Leading up to the FIFA World Cup 2018, while most teams would be dealing with game tactics, training and performance; the Mexico national team was caught up with an off-field and an in-room controversy. Gossip magazine TV Notas reported that nine members of Mexico’s World Cup squad had an all-night party with a group of 30 prostitutes after their farewell home victory against Scotland, two weeks before the World Cup. However, little did it affect their performance on the pitch. Instead, Mexico went on to produce one of the biggest World Cup victories of the season, beating defending champions Germany 1-0 in the opening fixture for both teams.
Despite public and media backlash, the Mexican Football Federation decided not to punish the players, because “they have not missed training” and “a free day is a free day,” in the words of general secretary Guillermo Cantu. On the contrary, when in September 2010, Mexico players had an all-night party in their hotel with unidentified women after a friendly and the federation fined 11 players and slapped six-month suspensions on defender Efrain Juarez and forward Carlos Vela. In June 2011, before a trip to Argentina for the Copa America, Mexican players hired sex workers in a hotel in Quito, Ecuador. They were fined and suspended from the team for half a year.
On the other hand, reports emerged that Germany coach Joachim Loew had issued a strict warning to his players ‘banning sex’ leading to the World Cup. Players were forced to ask for special permission to see their partners or even their children during the build-up to the competition but they will be banned from contact during the tournament. Ironically, Loew allowed the 2014 champions to booze to help boost team spirits. In an article on Bleacher Report, sexologist Megan Stubbs explained some facts, “There are superstitions like you have to abstain the night before or don’t shave your beard or always wear your lucky socks. I’d say that it’s perfectly fine to have sex before a game. Belief in the idea that sex before a game will drain your essence isn’t rooted in any hard facts.” She also noted, “Sex has been shown to have many health benefits such as boosting mood, increased level of pain tolerance and confidence, so when applied to a soccer player, I can only imagine that it would be a bonus to have added to their athletic prowess. As long as it isn’t a marathon sex session and nothing wild with an increased risk of injury, I think sex before a game is great.”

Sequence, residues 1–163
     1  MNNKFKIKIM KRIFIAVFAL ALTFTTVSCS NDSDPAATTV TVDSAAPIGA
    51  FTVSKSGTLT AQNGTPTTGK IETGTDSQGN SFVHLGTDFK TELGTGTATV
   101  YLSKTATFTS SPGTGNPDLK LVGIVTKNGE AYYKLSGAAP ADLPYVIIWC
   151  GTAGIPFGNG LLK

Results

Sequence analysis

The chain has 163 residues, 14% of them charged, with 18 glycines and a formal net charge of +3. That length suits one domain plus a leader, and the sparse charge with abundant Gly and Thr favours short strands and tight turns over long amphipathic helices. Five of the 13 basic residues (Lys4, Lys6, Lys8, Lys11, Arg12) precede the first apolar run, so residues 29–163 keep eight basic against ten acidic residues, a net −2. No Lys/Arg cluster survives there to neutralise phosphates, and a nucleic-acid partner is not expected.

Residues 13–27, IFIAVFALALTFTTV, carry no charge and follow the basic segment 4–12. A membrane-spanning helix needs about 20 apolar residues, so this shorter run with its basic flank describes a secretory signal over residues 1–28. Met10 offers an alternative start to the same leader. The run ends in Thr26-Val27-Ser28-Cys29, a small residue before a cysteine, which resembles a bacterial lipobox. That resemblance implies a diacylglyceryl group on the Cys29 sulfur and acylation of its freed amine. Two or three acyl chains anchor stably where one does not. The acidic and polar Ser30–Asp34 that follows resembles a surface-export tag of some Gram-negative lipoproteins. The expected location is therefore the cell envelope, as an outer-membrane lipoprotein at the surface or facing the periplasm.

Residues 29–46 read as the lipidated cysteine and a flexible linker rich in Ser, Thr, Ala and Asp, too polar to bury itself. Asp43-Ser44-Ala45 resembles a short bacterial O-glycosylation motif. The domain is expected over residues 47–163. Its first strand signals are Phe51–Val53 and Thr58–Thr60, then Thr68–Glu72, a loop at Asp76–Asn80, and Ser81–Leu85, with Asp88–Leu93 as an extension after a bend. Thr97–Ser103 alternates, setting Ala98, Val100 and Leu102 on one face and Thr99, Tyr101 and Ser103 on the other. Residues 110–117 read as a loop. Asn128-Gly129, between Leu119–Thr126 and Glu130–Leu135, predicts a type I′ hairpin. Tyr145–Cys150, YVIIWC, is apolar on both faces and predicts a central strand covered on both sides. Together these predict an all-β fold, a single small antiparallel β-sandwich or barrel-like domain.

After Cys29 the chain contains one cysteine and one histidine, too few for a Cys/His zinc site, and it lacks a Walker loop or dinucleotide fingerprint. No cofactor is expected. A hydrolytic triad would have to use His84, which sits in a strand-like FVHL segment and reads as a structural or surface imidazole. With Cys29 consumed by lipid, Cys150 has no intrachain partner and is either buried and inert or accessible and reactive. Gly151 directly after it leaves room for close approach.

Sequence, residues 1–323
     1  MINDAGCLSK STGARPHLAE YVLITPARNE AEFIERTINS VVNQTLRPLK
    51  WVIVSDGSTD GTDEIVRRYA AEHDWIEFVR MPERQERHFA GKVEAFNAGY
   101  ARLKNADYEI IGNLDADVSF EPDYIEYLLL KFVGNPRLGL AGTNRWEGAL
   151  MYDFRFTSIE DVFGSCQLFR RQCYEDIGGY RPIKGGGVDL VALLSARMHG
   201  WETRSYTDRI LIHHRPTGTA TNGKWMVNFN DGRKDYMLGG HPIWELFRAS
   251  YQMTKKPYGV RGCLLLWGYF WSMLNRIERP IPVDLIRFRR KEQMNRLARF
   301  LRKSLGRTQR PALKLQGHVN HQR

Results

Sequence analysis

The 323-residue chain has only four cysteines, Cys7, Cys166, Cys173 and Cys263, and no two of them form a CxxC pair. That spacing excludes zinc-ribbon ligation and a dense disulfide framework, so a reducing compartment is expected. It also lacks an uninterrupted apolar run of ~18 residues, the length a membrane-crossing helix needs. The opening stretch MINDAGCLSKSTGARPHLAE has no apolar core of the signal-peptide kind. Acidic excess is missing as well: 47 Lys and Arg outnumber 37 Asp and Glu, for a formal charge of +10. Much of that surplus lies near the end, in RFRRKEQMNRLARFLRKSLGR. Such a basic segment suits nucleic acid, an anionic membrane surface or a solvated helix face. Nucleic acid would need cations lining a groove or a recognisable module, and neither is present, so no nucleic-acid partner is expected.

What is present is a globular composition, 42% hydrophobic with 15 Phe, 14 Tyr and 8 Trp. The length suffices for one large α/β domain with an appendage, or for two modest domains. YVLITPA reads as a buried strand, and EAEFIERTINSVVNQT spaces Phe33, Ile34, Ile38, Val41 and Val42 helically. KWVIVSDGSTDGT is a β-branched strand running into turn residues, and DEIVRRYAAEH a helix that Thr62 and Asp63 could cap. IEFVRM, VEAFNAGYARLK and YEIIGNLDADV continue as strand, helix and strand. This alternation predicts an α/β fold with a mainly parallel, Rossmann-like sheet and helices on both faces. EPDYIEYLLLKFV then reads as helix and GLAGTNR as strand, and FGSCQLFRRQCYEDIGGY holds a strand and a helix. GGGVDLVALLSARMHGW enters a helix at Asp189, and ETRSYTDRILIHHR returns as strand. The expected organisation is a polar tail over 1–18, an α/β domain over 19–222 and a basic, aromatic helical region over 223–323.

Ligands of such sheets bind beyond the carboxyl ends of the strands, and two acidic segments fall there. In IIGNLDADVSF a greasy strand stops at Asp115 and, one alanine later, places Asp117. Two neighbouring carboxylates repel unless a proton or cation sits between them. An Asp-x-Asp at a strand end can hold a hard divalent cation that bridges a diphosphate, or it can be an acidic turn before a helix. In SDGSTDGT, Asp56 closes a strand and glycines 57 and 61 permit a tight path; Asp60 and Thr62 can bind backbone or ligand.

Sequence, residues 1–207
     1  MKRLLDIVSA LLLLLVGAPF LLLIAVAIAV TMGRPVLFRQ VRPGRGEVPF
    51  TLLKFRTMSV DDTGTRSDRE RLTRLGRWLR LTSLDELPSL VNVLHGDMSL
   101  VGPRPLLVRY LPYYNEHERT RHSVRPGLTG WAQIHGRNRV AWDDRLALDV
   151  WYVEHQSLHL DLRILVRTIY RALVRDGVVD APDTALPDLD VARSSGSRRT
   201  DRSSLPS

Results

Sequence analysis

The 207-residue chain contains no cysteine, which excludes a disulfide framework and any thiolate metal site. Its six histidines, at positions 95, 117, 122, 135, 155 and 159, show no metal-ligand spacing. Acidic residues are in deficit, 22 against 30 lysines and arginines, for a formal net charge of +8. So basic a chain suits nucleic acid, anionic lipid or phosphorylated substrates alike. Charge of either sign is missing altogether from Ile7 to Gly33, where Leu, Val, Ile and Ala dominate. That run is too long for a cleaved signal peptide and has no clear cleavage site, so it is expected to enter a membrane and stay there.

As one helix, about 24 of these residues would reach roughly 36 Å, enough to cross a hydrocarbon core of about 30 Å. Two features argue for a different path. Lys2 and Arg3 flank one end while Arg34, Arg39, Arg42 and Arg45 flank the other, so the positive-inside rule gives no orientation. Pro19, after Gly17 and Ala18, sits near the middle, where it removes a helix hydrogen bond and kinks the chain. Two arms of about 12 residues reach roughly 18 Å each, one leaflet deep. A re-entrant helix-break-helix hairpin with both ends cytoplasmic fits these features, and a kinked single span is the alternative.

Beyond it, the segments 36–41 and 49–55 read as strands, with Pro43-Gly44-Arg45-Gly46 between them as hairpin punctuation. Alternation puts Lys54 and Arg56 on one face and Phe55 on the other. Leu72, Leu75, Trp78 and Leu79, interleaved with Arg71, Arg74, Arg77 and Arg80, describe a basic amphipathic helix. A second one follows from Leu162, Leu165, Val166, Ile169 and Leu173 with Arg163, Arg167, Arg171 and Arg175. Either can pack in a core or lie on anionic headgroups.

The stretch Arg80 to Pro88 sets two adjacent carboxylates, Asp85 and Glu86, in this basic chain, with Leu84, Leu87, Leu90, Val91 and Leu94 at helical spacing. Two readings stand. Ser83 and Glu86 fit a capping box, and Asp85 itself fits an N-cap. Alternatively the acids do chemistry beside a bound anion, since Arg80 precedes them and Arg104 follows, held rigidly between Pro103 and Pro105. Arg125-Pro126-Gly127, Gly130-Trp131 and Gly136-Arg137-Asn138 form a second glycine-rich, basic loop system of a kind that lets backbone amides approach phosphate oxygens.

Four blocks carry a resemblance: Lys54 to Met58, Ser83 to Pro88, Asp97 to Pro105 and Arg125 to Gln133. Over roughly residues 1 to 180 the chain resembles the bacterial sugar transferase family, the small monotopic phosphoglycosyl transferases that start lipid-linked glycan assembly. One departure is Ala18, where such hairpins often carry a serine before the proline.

That indeed explains why Brazil great Romario suggested only one thing to youngster Gabriel Jesus to score more goals- “to have enough sex”. Like any other society in the world, sex remains a taboo in sports as well, but the recent trend has seen players, coaches and most importantly team doctors and physios open up about the intimate happenings of athletes. Even the Olympic games is no stranger to sex. In the 2018 Winter Olympics, the Olympic village of PyeongChang, South Korea saw 110,000 condoms freely distributed amongst the 2,925 athletes. This roughly boils down to 37 condoms per athlete. According to swimmer Ryan Lochte, roughly 70 to 75 percent of people engage in sexual activity while at the village and a report in Maxim states, “While the 2018 Winter Olympics is breaking the condom record by having the largest number of condoms ever made available at any of the Winter Games, it’s nice to appreciate the fact that a whopping 450,000 condoms were distributed at the 2016 Summer Olympics in Rio, averaging 42 per athlete”.
A common myth that exists is that sex will relax an athlete way too much before their game. Some experts believe abstaining from sex at least 48 hours before competition is best since anything closer to game day may decrease aggression and testosterone, but a ton of researchers have in fact found no hard evidence that indulging in sex has any effect on an athlete’s performance. There are a ton of studies with their respective agendas on how sex has no effect on performance or some even suggesting that it can help boost your performance. But what all boils down to is the psychology. Sex is a common need of the body, something that most individuals desire. And psychologists believe to have or not have sex before a game is like any other pre-game superstition. The bottom line is sex is a necessity for the body and to have or not have sex is completely the decision of that person, as long as its consensual and enjoyable.
Picture Credits : chroniclelive